The state law of Missouri protects the right of its residents to use solar power systems in their private properties. That was how Cole County Circuit Court Judge Daniel Green ruled in the case of the Missouri Solar Energy Industries Association (MOSEIA) and co-plaintiff husband and wife James and Frances Babb versus the City of Clarkson Valley and its Board of Aldermen.
No legal authority
“Hizzoner” the City Mayor Scott Douglass explained he received the court order to issue the Babbs their building permit as well as the so-called “special use permit” so they can install their solar power system. But even upon receipt of the order, Douglas said that he isn’t “sure” of what it means but wants “to make sure” that the order is implemented “right” and “from a safety standpoint.”
Earlier, the city government made several attempts to prevent residential solar system installations, including that made by the Babbs. According to Judge Green, however, Missouri’s Public Service Commission (PSC) has already adopted regulations that cover the use and installation of solar panels in residences state-wide so the city has no legal authority to impose regulations of its own.
No other option for Mr and Mrs Babb
Clarkson Valley’s Board of Aldermen enacted ordinances imposing several regulations and required a special permit prior to a declaration of a moratorium on the Babbs’ permit application for their building to have a solar array installed. Although Clarkson Valley’s Planning and Zoning Commission accepted the special permit application, the Board of Aldermen disapproved it, 6-0, without explanation.
Without any other option, James and Frances Babbs filed a lawsuit against their city. According to the couple’s legal counsel, Steve Jeffrey, the city was, in effect, prohibited an activity which the PSC allows and went against the doctrine of preemption. The city had, in fact, imposed additional requirements which were too restrictive even more than the PSC rules
Arbitrary, unreasonable, capricious, and an abuse of discretion
Thanks to Judge Green’s ruling, Missouri homeowners can now install their own solar power systems and are protected from any move by the local government to restrict solar system installations. Missouri permits solar installations after they have been verified to be in compliance with the state’s safety codes. Governing jurisdictions and homeowners’ associations, however, often disregard this.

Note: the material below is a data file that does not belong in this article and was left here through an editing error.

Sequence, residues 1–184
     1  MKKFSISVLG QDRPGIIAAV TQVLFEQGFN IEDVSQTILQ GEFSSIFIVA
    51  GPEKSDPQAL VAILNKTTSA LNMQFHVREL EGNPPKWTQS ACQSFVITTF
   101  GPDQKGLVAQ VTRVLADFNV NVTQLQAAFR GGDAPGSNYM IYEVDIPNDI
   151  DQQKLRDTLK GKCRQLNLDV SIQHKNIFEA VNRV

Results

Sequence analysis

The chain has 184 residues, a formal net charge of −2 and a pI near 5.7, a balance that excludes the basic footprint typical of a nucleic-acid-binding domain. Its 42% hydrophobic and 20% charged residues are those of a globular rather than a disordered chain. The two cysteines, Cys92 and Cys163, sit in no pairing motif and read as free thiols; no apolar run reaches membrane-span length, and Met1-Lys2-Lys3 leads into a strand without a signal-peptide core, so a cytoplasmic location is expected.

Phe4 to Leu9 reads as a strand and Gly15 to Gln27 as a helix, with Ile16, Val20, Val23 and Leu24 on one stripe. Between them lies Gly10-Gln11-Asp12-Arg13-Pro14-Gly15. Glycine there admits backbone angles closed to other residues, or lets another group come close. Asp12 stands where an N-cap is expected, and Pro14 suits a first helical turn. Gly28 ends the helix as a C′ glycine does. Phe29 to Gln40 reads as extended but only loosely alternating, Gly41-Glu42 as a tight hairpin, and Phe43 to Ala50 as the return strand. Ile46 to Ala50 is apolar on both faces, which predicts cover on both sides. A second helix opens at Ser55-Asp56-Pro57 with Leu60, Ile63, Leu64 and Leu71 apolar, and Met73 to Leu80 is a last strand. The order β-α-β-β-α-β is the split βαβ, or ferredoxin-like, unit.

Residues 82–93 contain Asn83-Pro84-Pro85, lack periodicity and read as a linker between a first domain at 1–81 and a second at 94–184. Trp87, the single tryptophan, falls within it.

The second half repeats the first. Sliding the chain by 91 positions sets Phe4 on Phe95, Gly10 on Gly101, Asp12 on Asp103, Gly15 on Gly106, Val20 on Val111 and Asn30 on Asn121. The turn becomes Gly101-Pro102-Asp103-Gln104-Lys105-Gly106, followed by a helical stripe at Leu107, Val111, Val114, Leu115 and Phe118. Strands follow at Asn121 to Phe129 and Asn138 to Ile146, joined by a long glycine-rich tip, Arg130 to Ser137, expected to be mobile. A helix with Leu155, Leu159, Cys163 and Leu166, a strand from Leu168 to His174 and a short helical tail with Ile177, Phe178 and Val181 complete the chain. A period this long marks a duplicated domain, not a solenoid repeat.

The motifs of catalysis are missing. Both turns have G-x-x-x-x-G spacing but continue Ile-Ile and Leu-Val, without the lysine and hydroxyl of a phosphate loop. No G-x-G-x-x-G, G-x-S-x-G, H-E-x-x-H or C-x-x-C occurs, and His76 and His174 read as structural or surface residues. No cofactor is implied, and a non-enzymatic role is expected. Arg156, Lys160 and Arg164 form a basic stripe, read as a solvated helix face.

The city’s ordinances, according to the ruling, are in conflict with the PSC’s existing regulations. Judge Green cited the denial of the Board of Aldermen of the Babbs’ application as not only “arbitrary” but “unreasonable,” “abuse of discretion,” and “capricious.” This ruling has indeed become the new standard which the city’s residents can use should in the future for their protection.
A sustainable way into the 21st century
According to MOSEIA President Dane Glueck, 67% of state voters have already approved the standard for renewable energy or Proposition C in November of 2008. Glueck said that local governments should recognize the benefits and strengths provided by residential solar system installations, now even made stronger as a result of Judge Green’s ruling.
And because of the ruling, city residents have become more interested in solar energy. Solar power has, most recently, become increasingly popular because its functionality has proven to be more than just aesthetics. Now that its installation is free from obstacles, solar power in the city of Clarkson Valley may yet have the boost it needs towards a sustainable way into the 21st century.